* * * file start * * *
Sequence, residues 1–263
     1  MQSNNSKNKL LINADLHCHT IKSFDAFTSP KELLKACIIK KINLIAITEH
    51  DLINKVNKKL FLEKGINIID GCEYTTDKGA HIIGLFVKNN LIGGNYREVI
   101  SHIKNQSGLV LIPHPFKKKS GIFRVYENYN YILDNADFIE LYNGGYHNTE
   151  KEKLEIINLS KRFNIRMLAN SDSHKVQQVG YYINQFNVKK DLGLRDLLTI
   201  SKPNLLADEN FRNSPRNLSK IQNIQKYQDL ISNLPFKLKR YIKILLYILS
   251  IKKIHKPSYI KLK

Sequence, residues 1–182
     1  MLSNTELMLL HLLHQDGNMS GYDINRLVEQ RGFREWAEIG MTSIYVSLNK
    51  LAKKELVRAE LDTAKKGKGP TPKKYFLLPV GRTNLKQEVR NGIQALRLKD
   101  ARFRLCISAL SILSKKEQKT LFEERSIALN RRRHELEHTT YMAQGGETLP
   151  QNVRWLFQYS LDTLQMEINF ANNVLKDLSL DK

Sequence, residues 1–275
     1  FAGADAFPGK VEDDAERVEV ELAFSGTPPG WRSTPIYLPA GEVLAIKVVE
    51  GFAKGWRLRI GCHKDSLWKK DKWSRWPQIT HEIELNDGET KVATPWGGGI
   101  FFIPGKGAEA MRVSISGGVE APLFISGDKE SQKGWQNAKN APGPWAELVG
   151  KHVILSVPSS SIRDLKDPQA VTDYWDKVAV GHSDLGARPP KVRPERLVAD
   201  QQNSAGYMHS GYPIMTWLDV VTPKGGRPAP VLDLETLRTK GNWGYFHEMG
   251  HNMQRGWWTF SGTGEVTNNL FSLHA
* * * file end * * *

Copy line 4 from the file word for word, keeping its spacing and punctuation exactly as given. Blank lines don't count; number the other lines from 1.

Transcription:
   101  SHIKNQSGLV LIPHPFKKKS GIFRVYENYN YILDNADFIE LYNGGYHNTE